- YouTube millionaires like PewDiePie and Zoella are seeing a massive slowdown in subscriber growth and views, according to social stats analysed by Business Insider.
- YouTubers have seen years of growth as vlogging exploded, but it looks like the golden days are over and the most business-savvy creators will need to diversify.
- Popular creators like H3H3Productions have previously blamed YouTube’s algorithms for an apparent slowdown in subscribers or viewers.
- There’s no official explanation — but YouTube has had to tweak its algorithms a lot in 2017 to tackle inappropriate content.
The internet is a fickle mistress.
Popular YouTubers including PewDiePie and Zoella are seeing a huge slowdown in their online subscriber growth, signalling that even the top earners will need to look beyond video to maintain their popularity and income.
Business Insider analysed statistics from the website SocialBlade, which tracks channel statistics for YouTube and other social networks, and found a trend of slowing subscriber growth and channel views.
Famous YouTubers experienced years of massive growth but it’s slowing down
Let’s look at PewDiePie, one of the most successful and established YouTubers, whose real name is Felix Kjellberg. As PewDiePie, Kjellberg built up a fanbase who enjoyed watching him play games, though he quickly branched out into goofball comedy and, increasingly, philosophical musings about the news, his fame, and YouTube as a platform.
This graph shows you that PewDiePie’s total subscribers have been going up over time, which isn’t much of a surprise. He’s one of the highest earning YouTube stars of 2017, according to Forbes, and has almost 60 million subscribers.
But the picture isn’t so positive when we look at the number of subscribers per month.
Starting from January this year, the number of people subscribing to PewDiePie’s channel each month has begun to slow down.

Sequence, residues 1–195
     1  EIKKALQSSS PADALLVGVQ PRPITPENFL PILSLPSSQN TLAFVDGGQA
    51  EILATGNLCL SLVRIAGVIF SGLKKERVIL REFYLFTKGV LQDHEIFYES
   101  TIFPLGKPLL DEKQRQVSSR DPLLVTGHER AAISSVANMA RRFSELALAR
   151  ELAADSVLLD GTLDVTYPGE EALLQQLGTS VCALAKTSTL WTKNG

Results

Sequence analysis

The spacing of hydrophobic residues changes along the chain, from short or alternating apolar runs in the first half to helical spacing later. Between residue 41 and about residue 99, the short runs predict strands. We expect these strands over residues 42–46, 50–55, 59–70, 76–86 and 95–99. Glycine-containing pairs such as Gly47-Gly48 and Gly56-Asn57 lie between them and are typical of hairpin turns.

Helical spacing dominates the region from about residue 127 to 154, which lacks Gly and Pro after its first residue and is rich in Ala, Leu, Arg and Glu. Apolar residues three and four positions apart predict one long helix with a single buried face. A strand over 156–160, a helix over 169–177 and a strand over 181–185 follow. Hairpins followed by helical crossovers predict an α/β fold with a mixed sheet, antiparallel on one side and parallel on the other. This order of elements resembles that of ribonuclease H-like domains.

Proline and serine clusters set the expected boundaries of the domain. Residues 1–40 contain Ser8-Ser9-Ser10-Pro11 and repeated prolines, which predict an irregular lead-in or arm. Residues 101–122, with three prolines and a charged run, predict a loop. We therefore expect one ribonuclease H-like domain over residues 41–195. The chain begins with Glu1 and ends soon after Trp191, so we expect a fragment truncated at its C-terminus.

That’s easily explained. There’s only a finite number of YouTube watchers in the world who will be interested in PewDiePie and after seven years in operation, it’s possible he’s hit peak subscriber growth. In other words, anyone who wants to watch PewDiePie regularly has already subscribed.
This would be fine if PewDiePie can maintain or increase his monthly views. This would mean that even if he’s hit peak subscribers, he’s keeping his audience very loyal and engaged.
Except that PewDiePie’s monthly views are slowing down too. Look at this graph, which shows that through 2015, PewDiePie’s channel regularly hit 300 million views or higher. Fast forward to October 2017, and the picture is one of decline.
The picture is similar for other big YouTubers.
YouTube superstar Zoella is seeing slowing growth across her two main channels
Zoella, aka Zoe Sugg, is probably the most famous female YouTuber in the UK.
She’s noticeably branched out beyond YouTube into books, events, beauty products, and a poorly received advent calendar. That’s a lot of product diversification! And if you look at Sugg’s YouTube stats, it’s easy to see why she’s trying to build a branding empire.
The first chart shows how, like PewDiePie, Zoella’s total monthly views are falling over time. This means fewer people bother to watch a new video when she uploads one — even as her subscriber count increases.